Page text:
By Rita Beamish
Monday, August 31, 2009
President Obama ordered federal officials to disclose their contacts with lobbyists trying to influence how the government doles out money to jump-start the economy. Yet few such communications have been reported even though lobbyists say they are busier than ever with the multibillion-dollar stimulus.
Since the $787 billion American Recovery and Reinvestment Act passed in February, federal agencies have reported 197 contacts with lobbyists about stimulus grants.
In August, the entire government reported only eight such lobbying contacts. The Pentagon, which controls about $7.4 billion in stimulus spending, reported just one lobbying contact so far this year. The Homeland Security Department, with at least $3 billion to spend, reported none.
Yet the paucity of reporting masks activities by lobbyists and clients eager to obtain stimulus money for their projects. Lobbyists have separately reported work related to stimulus projects, and in many cases have operated in new ways to skirt restrictions on their efforts to influence stimulus spending.
A spokesman for the White House Office of Management and Budget, Tom Gavin, said agencies are told regularly to disclose on their Web sites contacts with lobbyists.
"It's an ongoing process," Gavin said. "This is the first time ever that these kinds of disclosures are being made." The lobbying rules apply to about $88 billion worth of competitive grants and loans, the White House said. Much of the $787 billion stimulus package is for spending on tax cuts, Medicaid or grants to states that wouldn't be subject to lobbying at the federal level.
When disclosures are made, the reports vary widely.
The Education Department described 19 encounters, including Secretary Arne Duncan's meetings with the NAACP and other groups, some with detailed descriptions of the discussions. Energy Department reports include barely legible scrawls as well as 159 pages of public comments on a transmission infrastructure program.
The departments of Homeland Security, State and Veterans Affairs, and smaller agencies such as the Smithsonian Institution have made no such reports. The Pentagon confirmed that there has only been one lobbying report filed, describing a query by a lobbyist for a real estate company about the military homeowners assistance program.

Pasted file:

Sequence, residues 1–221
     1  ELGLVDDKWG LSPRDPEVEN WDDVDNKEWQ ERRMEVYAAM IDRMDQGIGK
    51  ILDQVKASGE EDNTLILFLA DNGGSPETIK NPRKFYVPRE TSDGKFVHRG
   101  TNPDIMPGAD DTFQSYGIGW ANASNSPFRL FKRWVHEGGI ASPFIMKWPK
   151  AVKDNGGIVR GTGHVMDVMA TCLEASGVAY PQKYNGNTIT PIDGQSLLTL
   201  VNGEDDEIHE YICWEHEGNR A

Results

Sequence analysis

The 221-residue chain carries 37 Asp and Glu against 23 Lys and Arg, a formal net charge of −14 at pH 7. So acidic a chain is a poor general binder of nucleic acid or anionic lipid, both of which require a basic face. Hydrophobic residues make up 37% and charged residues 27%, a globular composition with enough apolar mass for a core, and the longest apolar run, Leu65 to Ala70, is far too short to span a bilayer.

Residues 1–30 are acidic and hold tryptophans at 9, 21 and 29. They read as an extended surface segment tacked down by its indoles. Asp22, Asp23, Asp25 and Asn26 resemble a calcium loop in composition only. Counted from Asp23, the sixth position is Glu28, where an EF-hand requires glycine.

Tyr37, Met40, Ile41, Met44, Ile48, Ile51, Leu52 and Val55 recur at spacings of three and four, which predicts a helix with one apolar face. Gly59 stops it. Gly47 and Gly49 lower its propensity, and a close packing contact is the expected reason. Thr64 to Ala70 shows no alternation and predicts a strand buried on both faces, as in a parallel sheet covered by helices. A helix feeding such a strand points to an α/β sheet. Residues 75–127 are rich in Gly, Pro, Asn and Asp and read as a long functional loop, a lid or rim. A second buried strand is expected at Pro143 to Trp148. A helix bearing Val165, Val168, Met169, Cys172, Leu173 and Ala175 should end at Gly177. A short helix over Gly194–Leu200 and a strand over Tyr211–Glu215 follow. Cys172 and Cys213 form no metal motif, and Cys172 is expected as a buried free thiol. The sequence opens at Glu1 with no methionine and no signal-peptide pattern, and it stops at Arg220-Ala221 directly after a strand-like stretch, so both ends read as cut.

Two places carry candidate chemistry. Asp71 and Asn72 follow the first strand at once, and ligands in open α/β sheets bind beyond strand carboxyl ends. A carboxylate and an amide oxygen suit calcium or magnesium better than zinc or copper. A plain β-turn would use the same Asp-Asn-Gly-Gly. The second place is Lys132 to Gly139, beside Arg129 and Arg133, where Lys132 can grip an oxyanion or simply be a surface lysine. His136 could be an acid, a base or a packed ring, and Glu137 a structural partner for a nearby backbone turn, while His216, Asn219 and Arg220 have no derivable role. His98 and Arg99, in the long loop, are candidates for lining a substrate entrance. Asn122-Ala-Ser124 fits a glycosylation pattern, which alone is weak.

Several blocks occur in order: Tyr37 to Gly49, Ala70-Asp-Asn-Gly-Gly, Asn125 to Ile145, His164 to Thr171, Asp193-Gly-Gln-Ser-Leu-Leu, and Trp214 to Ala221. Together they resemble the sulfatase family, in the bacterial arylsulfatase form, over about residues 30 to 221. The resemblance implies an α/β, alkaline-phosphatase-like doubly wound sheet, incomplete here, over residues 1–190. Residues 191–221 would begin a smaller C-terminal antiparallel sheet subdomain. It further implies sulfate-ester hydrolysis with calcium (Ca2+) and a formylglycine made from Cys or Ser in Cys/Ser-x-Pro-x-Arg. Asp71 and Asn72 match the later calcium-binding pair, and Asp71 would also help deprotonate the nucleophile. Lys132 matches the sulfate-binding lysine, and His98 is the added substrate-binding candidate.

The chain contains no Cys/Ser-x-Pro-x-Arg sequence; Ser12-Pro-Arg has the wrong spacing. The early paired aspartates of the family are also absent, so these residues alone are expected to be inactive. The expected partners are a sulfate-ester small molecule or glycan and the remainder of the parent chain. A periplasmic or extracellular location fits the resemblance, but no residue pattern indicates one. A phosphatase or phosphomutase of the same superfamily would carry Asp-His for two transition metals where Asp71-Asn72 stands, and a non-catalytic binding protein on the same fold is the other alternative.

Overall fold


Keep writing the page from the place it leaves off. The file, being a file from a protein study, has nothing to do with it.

"All of our employees are very aware of the Recovery Act requirements on disclosure," said Cmdr. Darryn James.
New White House rules issued late this summer were aimed at eliminating a loophole: Lobbyists had been sending their clients to do the pitching below the radar of public disclosure.
U.S. officials have to disclose only their contacts with lobbyists, not others interested in the stimulus money like corporate executives or trade groups. But new rules bar conversations with lobbyists and others once an application for money is submitted.
That means before an application for money is in the pipeline, people who are not registered lobbyists can still make their pitches without those meetings being publicly disclosed by government officials. Dave Wenhold, president of the American League of Lobbyists, says that does not promote the transparency Obama promised because registered lobbyists are still the only ones whose contacts are disclosed.
"At least if you're having a meeting with a lobbyist it's written down," Wenhold said. "There's $787 billion out there and you're telling me no one is lobbying for it? It's a whole lot of spin." Lobbyists initially were restricted to talking only about general policy matters and shut out of meetings on specific projects. So, they prepared their clients to meet with government workers.
"We've walked them to the meeting and back," said lobbyist Howard Marlowe, describing a mayor client he briefed and escorted to a government meeting.
In some cases, lobbyists, in separate disclosure reports required by Congress, indicated work related to the agency's stimulus grants -- work that wasn't reflected in the agency reports. Lobbyists said some of those reports represented work they did on behalf of clients that fell short of actually contacting federal agencies.
In one case, a lobbyist for Delphi Corp., a supplier of heating and cooling systems, attended a technical meeting with thermal experts from the company and technical staff at the Energy Department to talk up Delphi's new technologies. She was told that as a lobbyist she could only listen while her colleagues talked, Delphi's government relations director John Anderson said.